While the market for contact center infrastructure has seen its share of turmoil in the past few years, it remains a vibrant sector. In fact, research firm Technavio points out that global category spending in 2016 was $306.3 billion. The firm expects it to grow at a compound annual rate of 9.4 percent over the next five years, reaching $479.9 billion by 2021.
Perhaps the greatest market influencer has been the cloud, with vendors that have traditionally offered on-premises systems struggling to introduce cloud and hybrid options to keep pace in an increasingly competitive market. DMG Consulting reported that the number of cloud-based seats grew by 20.9 percent in the past year and expects numbers to increase by 23 to 24 percent every year for the next five years. Also disrupting the market is the growing emphasis on omnichannel customer engagements, with modern systems needing to support multiple media formats, including web chats, social media, email, and text messaging.
Bundling of services, including the addition of maintenance, call recording, workforce optimization, and analytics, is also a continuing trend, according to Technavio. The firm warns, however, that buyers should assess vendors’ abilities to provide cross-functional services before making any commitments.
Five9 is a newcomer to the leaderboard in the highly fragmented contact center infrastructure industry, benefiting greatly from the uncertainty swirling around its closest competitors, inContact and Interactive Intelligence, both of which were acquired in 2016. Five9 has emerged, though, as a strong competitor on its own, with analysts giving it the top scores in company direction (4.3) and cost (4.1). Beyond that, it “established excellent relationships with [workforce optimization] providers and effectively addresses the unique needs of the cloud contact center,” Paul Stockford, president and principal analyst at Saddletree Research, says.
Following its acquisition of Interactive Intelligence in August, it’s no surprise that Genesys cemented a position on the leaderboard again this year. The company has always been strong in the high end of the market, but Interactive Intelligence now puts it in a position to dominate the mid-market as well. Even before the acquisition, which brings a wealth of cloud capabilities to Genesys, the company’s greatest asset has always been its depth of functionality, and this year was no exception. The company scored a 4.3 in that area, and an industry-leading 3.9 in customer satisfaction.
While its acquisition by NICE in May fueled a lot of questions about its future, inContact has emerged stronger than ever, having completed three major upgrades to its Customer Interaction Cloud. The company pulled down scores of 4.0 in company direction and cost, 3.9 in depth of functionality, and 3.8 in customer satisfaction, all of which were near the head of the pack. Its challenge, now, is to not lose that momentum as it works with NICE to build toward a fully public cloud offering with a combined solution set, according to Sheila McGee-Smith, founder and president of McGee-Smith Analytics.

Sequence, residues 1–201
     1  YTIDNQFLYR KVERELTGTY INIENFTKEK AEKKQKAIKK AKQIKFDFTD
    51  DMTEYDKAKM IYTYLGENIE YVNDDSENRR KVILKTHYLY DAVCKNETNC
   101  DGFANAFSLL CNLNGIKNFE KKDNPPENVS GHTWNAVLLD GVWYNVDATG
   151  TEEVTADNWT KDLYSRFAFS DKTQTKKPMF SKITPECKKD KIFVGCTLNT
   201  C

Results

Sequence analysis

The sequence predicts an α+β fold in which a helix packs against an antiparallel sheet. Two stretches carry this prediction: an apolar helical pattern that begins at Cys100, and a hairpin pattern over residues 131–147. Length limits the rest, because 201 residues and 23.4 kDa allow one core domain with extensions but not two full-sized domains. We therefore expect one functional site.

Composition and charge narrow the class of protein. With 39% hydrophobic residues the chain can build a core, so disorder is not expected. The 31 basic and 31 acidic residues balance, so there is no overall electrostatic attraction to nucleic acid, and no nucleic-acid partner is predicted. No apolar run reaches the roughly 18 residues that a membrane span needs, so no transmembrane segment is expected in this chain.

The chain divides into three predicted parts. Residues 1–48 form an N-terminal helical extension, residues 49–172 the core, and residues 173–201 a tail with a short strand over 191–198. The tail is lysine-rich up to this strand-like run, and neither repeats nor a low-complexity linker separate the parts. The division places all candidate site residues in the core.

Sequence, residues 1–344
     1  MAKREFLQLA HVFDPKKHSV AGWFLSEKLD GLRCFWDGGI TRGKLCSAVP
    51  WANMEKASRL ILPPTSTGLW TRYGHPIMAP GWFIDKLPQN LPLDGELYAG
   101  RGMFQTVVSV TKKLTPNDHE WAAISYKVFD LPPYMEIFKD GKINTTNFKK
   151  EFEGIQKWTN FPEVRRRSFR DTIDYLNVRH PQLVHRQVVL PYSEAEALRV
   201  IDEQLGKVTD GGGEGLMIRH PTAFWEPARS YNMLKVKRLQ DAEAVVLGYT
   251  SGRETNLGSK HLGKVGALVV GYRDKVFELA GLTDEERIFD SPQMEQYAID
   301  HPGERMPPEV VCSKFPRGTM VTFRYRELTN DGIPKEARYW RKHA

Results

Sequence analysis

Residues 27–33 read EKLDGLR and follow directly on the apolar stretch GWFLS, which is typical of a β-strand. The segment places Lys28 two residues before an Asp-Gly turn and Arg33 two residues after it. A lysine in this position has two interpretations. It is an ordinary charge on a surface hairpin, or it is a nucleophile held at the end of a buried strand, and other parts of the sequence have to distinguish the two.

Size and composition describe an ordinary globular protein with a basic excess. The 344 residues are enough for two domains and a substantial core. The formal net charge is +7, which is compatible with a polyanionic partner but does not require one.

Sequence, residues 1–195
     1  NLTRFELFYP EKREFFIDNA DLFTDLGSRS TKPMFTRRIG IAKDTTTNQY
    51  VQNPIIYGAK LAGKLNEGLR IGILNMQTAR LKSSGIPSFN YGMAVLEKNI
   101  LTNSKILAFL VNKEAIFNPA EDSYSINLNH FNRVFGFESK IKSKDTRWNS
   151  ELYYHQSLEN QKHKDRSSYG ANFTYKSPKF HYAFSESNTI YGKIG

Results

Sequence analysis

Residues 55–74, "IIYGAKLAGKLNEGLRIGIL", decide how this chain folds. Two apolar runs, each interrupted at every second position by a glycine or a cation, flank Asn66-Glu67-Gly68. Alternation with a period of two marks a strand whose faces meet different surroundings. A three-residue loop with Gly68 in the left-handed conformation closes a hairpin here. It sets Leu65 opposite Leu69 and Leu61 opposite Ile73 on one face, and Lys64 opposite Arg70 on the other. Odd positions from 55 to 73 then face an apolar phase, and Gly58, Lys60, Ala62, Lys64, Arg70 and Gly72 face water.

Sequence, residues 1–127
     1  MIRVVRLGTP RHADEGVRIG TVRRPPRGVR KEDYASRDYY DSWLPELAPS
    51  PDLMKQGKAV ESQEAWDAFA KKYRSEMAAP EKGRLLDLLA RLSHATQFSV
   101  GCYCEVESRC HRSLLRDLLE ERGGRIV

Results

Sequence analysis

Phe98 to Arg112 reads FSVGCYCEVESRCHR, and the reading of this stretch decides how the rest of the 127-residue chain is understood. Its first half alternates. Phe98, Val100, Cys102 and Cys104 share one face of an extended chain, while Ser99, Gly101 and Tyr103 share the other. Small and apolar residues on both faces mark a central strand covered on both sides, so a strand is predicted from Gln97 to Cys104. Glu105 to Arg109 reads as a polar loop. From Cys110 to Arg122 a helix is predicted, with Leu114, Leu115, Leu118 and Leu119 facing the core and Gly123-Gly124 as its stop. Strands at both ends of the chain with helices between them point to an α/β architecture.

West has shifted its focus squarely on its contact center technology business since divesting itself of its outsourcing business, which it sold to Alorica in January 2015. Now, two years after that deal, the move is paying off. The company has seen its depth of functionality scores rise steadily in the past two years, and this year that number sits firmly at 3.8. It is likely to climb even higher if the company continues to advance its Cloud Contact Center, as it did this year with the addition of multichannel capabilities, network-based queuing, and inbound and outbound call blending, as well as preview, predictive, and progressive dialing modes that provide artificial intelligence to manage dialer pacing in real time.
Cisco Systems has won the category year after year, and 2017 is no different. The company’s customer satisfaction score of 3.8 was on a par with many of the other industry leaders, but its rivals couldn’t compare on depth of functionality. Its score of 4.5 in that area was a full quarter of a point ahead of its nearest competitor. Stockford calls Cisco “the clear leader in the infrastructure market,” noting that it combines strong leadership, products with a solid reputation, and a history of innovation that keeps it on the leading edge.
ONE TO WATCH
It’s been a year of huge change for Serenova, which started 2016 as LiveOps Cloud. But in October, the contact center–as–a–service (CCaaS) provider completed a nearly yearlong separation from its former parent company. The company also launched CxEngage in March 2016, built from the ground up as an API-first solution leveraging Amazon Web Services. With this technology, agents can engage with customers via any channel and pivot to another channel while maintaining all of the context.
[Editor's note: The overall award rating is based on a composite score of analyst ratings for customer satisfaction, depth of functionality, company direction, and cost. For the cost score, analysts gave the highest marks to vendors with the lowest expected costs. Company revenues were also factored into the overall score, but these numbers are not included in the chart above.]